Melbourne hasn't changed much apart from the redevelopment of areas such as Swanston st and the inefficient MYKI (public transport smart-card) system.  Yes, it is improving but it's far from ready.  If you compare it with ones in other regions such as Hong Kong & Singapore, I always wonder why they didn't outsource the work and shamelessly ask for advice from already working systems.  In a future post, I will give you an example of what the Hong Kong octopus card can do and you'll understand why I am so bitter towards the MYKI.  Having spent a few weeks here, I can already pick out many faults in the system, but fingers crossed it will work out in the end.  The sad truth is that Melbourne has great potential for a superb system, it's just that it is not managed well.

No, I am entirely frustrated with Melbourne as I have missed it dearly.  This week it was sad to find out that Melbourne no longer tops the charts as the most liveable city in the World.  Vancouver too, has missed out on a place in the top 10, previously ranking very well, claiming #1 position for several years.  Hong Kong is now the most liveable city!  I think it's a sign: I have a feeling Hong Kong is dragging me back.  It's the perfect excuse right?  More information on the ratings below:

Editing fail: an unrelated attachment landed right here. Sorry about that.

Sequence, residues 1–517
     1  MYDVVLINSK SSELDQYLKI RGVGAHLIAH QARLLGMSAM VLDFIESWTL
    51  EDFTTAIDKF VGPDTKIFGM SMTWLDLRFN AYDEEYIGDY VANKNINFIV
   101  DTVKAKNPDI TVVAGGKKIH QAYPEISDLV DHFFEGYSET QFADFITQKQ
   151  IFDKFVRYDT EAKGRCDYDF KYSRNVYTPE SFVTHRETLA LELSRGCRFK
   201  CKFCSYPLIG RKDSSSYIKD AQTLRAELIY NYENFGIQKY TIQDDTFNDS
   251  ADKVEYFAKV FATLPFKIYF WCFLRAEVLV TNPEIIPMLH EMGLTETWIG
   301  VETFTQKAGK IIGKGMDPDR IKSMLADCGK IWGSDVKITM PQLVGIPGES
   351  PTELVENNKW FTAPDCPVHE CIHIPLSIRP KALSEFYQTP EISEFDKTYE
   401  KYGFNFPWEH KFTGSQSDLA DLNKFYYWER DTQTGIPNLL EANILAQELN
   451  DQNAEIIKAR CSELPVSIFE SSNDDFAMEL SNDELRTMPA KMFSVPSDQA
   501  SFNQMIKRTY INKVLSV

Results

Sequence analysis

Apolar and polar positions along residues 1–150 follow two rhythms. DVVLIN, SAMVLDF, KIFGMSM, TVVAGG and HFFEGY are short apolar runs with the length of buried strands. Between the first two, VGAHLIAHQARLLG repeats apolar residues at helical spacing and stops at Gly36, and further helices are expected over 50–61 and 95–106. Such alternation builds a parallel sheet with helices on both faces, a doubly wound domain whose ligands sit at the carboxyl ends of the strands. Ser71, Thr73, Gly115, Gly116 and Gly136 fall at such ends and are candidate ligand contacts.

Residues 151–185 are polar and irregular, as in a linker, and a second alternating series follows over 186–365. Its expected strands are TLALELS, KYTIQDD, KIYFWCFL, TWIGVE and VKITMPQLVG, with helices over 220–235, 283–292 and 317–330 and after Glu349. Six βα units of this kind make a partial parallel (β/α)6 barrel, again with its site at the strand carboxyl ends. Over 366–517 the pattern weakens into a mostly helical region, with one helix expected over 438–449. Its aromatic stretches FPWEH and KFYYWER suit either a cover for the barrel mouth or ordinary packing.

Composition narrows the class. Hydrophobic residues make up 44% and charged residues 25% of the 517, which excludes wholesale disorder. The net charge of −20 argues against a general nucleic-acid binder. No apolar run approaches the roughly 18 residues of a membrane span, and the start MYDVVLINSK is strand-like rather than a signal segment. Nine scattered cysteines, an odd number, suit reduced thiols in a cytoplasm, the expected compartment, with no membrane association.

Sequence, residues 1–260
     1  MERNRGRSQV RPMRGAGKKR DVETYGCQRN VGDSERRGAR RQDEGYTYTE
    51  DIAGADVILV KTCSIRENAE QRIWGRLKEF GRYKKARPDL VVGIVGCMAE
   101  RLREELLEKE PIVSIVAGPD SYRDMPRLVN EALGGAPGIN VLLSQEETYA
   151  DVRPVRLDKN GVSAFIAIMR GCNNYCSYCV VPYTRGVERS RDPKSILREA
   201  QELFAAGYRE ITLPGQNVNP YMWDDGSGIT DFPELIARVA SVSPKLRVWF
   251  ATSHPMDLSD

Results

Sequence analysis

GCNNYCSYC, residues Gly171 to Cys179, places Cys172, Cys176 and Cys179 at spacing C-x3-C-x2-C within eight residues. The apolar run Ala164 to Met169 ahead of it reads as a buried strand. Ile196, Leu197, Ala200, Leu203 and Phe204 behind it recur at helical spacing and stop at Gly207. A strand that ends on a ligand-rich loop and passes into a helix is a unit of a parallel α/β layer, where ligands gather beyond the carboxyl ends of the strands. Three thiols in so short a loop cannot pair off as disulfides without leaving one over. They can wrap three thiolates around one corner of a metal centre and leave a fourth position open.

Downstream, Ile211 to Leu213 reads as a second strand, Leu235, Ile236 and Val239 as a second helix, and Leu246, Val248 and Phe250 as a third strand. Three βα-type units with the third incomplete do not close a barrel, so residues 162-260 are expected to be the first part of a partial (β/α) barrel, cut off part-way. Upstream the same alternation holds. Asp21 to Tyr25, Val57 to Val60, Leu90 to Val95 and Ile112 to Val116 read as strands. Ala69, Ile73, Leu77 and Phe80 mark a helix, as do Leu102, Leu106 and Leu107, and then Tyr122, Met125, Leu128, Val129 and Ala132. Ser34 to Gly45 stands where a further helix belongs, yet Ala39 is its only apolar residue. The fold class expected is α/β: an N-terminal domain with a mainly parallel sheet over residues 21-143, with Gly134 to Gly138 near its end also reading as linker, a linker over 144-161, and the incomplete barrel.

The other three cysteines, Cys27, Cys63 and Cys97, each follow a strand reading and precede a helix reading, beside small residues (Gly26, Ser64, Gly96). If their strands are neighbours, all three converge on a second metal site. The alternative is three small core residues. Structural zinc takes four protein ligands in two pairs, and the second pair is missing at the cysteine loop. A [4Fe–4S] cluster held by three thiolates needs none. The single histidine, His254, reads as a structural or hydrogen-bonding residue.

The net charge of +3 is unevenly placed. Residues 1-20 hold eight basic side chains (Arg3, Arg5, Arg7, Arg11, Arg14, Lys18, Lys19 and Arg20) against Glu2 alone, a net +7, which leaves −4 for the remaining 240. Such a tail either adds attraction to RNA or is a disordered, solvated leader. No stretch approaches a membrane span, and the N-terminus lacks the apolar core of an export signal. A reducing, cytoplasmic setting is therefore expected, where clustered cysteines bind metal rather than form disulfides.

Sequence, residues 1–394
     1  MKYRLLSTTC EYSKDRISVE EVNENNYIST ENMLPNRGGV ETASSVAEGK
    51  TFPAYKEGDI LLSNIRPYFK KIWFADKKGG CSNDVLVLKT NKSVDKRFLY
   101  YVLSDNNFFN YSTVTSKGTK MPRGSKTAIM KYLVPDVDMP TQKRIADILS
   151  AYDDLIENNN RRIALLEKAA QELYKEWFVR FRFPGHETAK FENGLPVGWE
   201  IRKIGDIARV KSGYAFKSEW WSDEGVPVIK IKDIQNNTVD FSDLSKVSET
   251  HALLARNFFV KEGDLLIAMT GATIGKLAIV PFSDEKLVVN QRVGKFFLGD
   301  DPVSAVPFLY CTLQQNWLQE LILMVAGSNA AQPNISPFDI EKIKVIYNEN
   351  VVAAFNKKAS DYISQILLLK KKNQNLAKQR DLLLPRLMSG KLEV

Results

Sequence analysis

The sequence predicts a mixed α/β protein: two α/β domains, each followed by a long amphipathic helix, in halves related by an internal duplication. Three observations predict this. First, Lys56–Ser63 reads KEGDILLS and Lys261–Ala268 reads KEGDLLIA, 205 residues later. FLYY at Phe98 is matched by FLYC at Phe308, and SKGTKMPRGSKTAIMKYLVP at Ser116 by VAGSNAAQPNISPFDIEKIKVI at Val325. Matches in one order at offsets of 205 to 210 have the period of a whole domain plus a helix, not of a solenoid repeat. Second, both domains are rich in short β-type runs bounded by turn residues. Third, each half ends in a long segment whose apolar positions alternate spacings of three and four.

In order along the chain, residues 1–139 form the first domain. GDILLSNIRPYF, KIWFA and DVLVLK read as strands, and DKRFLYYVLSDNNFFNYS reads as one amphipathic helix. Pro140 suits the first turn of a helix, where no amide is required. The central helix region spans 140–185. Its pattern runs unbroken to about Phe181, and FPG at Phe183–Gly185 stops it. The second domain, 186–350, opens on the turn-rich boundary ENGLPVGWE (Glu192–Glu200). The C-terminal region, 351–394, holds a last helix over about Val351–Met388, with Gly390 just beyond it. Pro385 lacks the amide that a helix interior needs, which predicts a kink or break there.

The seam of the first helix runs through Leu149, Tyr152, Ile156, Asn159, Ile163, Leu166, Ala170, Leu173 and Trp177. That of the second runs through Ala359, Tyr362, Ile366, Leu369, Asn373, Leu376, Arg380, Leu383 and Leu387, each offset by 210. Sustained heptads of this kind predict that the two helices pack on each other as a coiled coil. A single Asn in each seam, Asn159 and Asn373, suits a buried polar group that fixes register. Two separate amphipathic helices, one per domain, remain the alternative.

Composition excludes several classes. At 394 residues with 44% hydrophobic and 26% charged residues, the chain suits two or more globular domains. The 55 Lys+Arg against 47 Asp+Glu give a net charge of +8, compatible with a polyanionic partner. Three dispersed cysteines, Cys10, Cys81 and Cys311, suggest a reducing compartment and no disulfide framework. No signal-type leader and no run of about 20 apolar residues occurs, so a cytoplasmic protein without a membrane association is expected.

Within the first few days of arriving back to Melbourne, I couldn't help but roam around the city and explore my hometown.  After discovering many areas in Hong Kong at every free moment I had, I was inspired to do the same back home.  There is so much to see, so much to do... You just need to find time to discover what's around you.  And yes, we all do have a few spare minutes in our lives... 

Walking down Little Burke this week, I enjoyed taking in the street art.  I don't remember this particular artwork before, I'm not exactly sure if it's new or I genuinely never noticed it.  It's awkward but there is something cool about it.  The second photo I took is one that I personally like, the non-standing sign, the glistening garage doors and the brickwork on the left all adds to it.  For those who have never visited Melbourne, I highly recommend you check out the lanes and our famous graffiti!

The next set of photos are from Australia Arcade.  Apart from the fact that this mall feels rather dead and many business have change or left, it was a good idea to introduce this artwork.  The umbrellas are a nice contrast against our gloomy winter!

View from the food court seating below

And Grand Hyatt on Collins st.  I've always loved the design of this hotel, especially the colour of the glass windows which always shine :)

That's all for now.  Greetings from a seriously cold Melbourne!  Stick around for some final posts about my experience studying and living in Hong Kong!